Oscar: I agree with that. It reminded me of Tom Waits a lot. Or like, if Tom Waits had written it and given it to some completely different person to produce.

Zen: Really good comparison. Although Tom Waits would never, ever be that happy.

Oscar: Yeah I guess, it’d all be about alcoholism and homelessness if it was a Tom Waits song.

Zen: It bears noting that Tom Waits is probably the only person who can sing about those subjects and make me enjoy myself. Anyway, my 2nd choice would probably be “Do Yourself A Favor.” For all the reasons you enjoyed the album. I couldn’t resist that vocoder.

Oscar: I can get down with that. That would have been number 4 for me, I think.

Zen: My 3rd is “What A Shame.” It completely surprised me, and that beat is banging. Although after the hook came around for the fourth time I became bored. But until then I was bumping hard.

Oscar: That choice I disagree with. I think that track was the one that exhibited his vocal weakness the most. His voice sounded especially harsh on the hook. Although I did like the beat.

Zen: I agree, and that’s why I became bored. Really the production, like most Jamie things I enjoy, was what interested me.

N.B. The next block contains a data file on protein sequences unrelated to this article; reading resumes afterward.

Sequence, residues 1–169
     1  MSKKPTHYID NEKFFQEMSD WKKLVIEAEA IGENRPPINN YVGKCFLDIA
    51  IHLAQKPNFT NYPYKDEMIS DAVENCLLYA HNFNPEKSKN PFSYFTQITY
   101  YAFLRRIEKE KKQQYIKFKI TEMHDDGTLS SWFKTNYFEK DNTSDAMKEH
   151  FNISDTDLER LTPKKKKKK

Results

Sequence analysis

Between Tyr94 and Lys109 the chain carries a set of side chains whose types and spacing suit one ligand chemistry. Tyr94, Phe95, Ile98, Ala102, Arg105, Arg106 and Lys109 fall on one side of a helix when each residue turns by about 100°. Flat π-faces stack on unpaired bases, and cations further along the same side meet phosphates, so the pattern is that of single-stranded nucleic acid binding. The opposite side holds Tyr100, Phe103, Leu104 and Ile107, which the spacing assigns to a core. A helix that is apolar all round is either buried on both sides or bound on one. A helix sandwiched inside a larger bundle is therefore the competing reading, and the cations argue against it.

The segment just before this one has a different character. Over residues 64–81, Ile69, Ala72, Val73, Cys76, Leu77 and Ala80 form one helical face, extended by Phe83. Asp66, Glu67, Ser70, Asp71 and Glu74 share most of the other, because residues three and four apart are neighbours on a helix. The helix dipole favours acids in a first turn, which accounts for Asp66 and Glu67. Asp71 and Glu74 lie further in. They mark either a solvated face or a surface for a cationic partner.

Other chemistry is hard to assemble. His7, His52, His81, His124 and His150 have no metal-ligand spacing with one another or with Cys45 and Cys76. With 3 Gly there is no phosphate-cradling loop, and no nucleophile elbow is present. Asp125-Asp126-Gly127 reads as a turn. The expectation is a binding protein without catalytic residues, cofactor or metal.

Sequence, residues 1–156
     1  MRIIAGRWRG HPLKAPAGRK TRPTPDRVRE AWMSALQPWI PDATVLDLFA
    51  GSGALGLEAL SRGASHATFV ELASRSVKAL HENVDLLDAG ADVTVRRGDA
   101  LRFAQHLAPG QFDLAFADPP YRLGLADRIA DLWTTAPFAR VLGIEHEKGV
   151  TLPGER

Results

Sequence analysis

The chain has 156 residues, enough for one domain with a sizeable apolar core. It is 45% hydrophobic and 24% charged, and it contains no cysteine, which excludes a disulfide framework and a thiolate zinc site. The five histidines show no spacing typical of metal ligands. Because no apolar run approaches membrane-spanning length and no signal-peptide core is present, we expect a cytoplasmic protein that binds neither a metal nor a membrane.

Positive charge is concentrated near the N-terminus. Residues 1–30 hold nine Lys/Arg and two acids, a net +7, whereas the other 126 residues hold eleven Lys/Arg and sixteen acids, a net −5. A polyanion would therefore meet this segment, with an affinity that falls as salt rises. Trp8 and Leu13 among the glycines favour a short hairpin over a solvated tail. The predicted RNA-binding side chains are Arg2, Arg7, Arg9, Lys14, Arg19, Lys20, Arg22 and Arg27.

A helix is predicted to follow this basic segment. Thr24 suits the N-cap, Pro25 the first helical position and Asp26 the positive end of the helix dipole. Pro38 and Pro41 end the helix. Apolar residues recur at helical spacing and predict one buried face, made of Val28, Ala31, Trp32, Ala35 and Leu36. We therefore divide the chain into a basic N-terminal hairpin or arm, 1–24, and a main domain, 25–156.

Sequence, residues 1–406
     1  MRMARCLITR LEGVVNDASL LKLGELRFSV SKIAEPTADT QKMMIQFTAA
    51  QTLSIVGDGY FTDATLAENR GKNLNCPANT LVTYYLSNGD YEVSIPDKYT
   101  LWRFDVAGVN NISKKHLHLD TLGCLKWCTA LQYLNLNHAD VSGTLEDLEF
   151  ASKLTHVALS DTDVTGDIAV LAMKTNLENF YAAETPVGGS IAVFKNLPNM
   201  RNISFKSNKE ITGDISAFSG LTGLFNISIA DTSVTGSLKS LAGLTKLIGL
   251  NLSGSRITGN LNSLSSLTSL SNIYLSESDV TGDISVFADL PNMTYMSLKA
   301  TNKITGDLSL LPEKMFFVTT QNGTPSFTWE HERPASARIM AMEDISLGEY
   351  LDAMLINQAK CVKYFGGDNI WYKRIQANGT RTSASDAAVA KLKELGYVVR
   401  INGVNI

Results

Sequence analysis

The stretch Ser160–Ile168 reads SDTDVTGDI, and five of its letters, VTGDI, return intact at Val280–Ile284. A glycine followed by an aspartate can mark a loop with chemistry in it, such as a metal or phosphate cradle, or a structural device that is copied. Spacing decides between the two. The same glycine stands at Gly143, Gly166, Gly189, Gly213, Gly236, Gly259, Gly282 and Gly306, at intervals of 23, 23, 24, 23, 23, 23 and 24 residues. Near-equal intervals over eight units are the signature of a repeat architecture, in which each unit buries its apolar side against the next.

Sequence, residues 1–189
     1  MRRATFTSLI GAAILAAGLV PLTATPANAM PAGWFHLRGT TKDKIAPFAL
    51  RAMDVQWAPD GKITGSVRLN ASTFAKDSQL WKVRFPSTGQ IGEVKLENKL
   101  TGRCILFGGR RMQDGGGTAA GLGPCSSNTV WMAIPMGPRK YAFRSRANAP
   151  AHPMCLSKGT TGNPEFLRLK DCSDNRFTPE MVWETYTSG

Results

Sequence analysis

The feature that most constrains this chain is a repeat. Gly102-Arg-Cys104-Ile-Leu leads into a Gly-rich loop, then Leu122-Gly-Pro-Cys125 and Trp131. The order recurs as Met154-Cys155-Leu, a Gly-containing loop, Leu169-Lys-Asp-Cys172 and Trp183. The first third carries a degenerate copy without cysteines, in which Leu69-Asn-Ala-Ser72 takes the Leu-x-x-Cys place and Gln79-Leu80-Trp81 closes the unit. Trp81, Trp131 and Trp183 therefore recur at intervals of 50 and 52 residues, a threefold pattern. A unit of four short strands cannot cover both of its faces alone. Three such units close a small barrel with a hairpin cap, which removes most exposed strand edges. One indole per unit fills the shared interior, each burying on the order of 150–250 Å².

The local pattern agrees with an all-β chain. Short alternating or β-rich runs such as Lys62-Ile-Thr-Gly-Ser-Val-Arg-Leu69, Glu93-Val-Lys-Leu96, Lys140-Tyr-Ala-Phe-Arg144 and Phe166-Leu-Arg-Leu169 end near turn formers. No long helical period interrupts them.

Oscar: In general on the album, the production carried it.

Zen: What were your 3 bottom picks?

Oscar: My bottom 3 were: “Blaming Something.” It bored me. Lyrically nothing worth noting, production wasn’t as adventurous as other tracks.

Zen: I agree. I had to try and remember what track you were talking about.

Oscar: I think “What A Shame” is my second bottom, for reasons I already said. And 3rd bottom was “You Know My Name.”

Zen: Why that one?

Oscar: It had little P-Funk flourishes that I liked, but overall that was the only thing I could find on the track that I enjoyed.

Zen: I wouldn’t argue with that.

Oscar: So, bottom 3 for you?

Zen: “You Know My Name” for me as well. I wanted to write Prince a letter asking if he knew Jamie had stolen his keyboard. Second would be “So Cold.”

Oscar: Good pick.

Zen: Third, “You Naked.” Lyrically it physically hurt me. After all that bashing, what were your favorite musical and lyrical moments?

Oscar: Musical was I think whenever the vocorder popped up. Especially in “In Your Mind.”